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Ever Given re-floated and the backlog set to clear

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World Pipelines,


As the Ever Given is finally floated, the second mammoth task, that of clearing the backlog of over 450 vessels stuck at either end of the canal must soon begin.

The problem for liquids and gas carriers is a relatively small one compared to bulkers and container ships. Across all liquid tankers and gas carriers, there are 103 vessels sat in the queue, compared to just over 80 containerships alone. Across both laden and ballast status, this includes 30 crude tankers, 47 refined products tankers, 15 LNG carriers and 11 LPG carriers. It is reported that the backlog will be cleared and transit returning to normal within three to four days. Numerous vessels have already taken the decision to divert away from the Suez, with some changing direction mid-Atlantic and others veering away from the Gulf of Aden, heading south along East Africa.

The response to the blockage in the financial crude oil and LNG markets have been relatively muted in the scheme of things. The move on front month Brent on Wednesday the 24th was a mere reversal of the significant sell off seen in the previous session. Since that point, daily moves have been volatile but offsetting from one day to the next. At time of writing, Nymex 1st month Brent is down 72c on the day and the front timespread is weakening. Unless you knew otherwise you would be forgiven for not realising the Suez Canal has been completely blocked for a period of over five days and counting. Similarly, the response to front month Nymex JKM (Platts) LNG prices have been mild at best with Friday’s close just 7c above Tuesday’s close, before the canal was blocked. Front month Nymex TTF also saw a slight rally of just 7c over the same time period and is now softening over the course of today.

This muted price response demonstrates the weak macro-demand environment energy commodities still find themselves in. After a strong buying period for LNG in East Asia following on from the demand spike seen last winter, the region has stepped away from buying additional cargoes. Cargoes bound for Europe are helping to rebuild gas storage after strong draws from inventory (as Europe allowed East Asia to be the primary winter buyer). The shoulder demand season (in the middle of still uncertain recovery from Covid-19) we now find ourselves in, is the ideal time for a global logistics crisis from a supply point of view. That is not to say that there won’t be localised problems for regional buyers in Europe, but the region as a whole should not experience significant supply problems.

At the same time as seeing a mild response in the macro LNG/gas markets, the response from crude is not that surprising. Only 4.4% of global crude imports moved through the canal last year. Asian buyers of US crude, one of the growth-flows in recent years, primarily ship via the Capes. Asian buyers of European crudes have also increased flows via the Cape through last winter, with imports via the Suez Canal in 1Q21 averaging 550 kbd compared to 890 kbd in 1Q20 (and higher still in the summer). Once again the crisis is benefitted by the fact that European crude buying has slowed down, demand hampered by ongoing Covid-19 restrictions. Imports have yo-yoed month to month since September at around 9 mbd.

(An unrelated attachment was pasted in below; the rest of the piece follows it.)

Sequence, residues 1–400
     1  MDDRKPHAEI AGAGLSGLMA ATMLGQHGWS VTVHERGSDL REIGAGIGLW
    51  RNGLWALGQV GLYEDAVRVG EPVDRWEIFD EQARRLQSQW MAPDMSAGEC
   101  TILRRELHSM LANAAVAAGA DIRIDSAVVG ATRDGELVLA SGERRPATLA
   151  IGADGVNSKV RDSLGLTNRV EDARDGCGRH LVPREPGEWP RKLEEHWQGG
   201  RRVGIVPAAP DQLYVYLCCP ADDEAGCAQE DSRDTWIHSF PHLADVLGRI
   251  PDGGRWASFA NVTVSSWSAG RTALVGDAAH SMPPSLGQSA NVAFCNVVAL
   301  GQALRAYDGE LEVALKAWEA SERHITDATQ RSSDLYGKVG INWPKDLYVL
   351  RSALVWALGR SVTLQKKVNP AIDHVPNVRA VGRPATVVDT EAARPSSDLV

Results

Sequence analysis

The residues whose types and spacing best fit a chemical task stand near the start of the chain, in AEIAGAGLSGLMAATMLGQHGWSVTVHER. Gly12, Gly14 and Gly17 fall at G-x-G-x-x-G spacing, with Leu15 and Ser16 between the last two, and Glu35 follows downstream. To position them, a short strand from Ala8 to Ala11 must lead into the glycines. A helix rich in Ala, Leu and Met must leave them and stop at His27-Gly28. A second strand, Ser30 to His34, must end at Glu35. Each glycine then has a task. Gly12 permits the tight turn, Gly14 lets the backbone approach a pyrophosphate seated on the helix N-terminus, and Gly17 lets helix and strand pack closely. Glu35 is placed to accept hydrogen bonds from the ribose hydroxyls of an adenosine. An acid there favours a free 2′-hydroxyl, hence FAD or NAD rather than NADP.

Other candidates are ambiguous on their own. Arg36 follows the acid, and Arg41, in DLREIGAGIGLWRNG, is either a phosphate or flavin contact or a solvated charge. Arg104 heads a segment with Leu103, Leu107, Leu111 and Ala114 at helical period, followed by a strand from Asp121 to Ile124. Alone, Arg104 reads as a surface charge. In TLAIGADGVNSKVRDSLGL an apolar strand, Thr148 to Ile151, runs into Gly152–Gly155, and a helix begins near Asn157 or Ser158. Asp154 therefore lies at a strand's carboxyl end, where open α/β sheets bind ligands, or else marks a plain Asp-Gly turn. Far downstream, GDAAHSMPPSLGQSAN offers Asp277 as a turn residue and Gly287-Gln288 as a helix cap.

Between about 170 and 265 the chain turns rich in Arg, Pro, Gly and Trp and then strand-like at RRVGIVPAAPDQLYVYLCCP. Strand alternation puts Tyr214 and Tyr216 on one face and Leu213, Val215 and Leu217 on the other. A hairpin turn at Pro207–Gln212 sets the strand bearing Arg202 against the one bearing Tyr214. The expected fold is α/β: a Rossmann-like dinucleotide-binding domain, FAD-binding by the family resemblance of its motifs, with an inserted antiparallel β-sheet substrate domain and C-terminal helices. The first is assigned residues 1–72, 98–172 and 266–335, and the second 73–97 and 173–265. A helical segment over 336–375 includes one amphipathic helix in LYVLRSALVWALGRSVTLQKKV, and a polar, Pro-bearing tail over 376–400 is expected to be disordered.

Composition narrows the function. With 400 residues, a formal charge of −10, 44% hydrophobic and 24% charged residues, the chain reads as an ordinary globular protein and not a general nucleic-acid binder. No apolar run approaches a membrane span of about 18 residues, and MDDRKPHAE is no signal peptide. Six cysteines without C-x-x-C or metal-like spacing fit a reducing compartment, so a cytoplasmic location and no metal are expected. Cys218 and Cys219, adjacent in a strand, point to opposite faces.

Of the clean petroleum products, it is naphtha that could be most hit by short term impacts more than any others. With demand for petrochemicals still strong and flows from Europe and North Africa to the East still well supported, there will be buyers in Asia looking for potential backfills for cargoes in coming weeks. There are currently 6 LR tankers waiting to travel southbound, predominantly for Japan. Given the weak demand environment for middle distillates and gasoline in Europe, the blockage may well cause short term localised problems but the region as a whole will not struggle for product.

 

 

Read the latest issue of World Pipelines magazine for pipeline news, project stories, industry insight and technical articles.

World Pipelines’ March 2021 issue

The March 2021 issue of World Pipelines includes: a regional report on pipeline projects in Asia-Pacific; a summary of the latest and best construction equipment courtesy of the annual Heavy Equipment Review; a welding-focused Q&A; and technical articles on hot tapping, sustainable steel and decommissioning.

Read the article online at: https://www.worldpipelines.com/business-news/30032021/ever-given-re-floated-and-the-backlog-set-to-clear/

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Europe pipeline news Mediterranean pipelines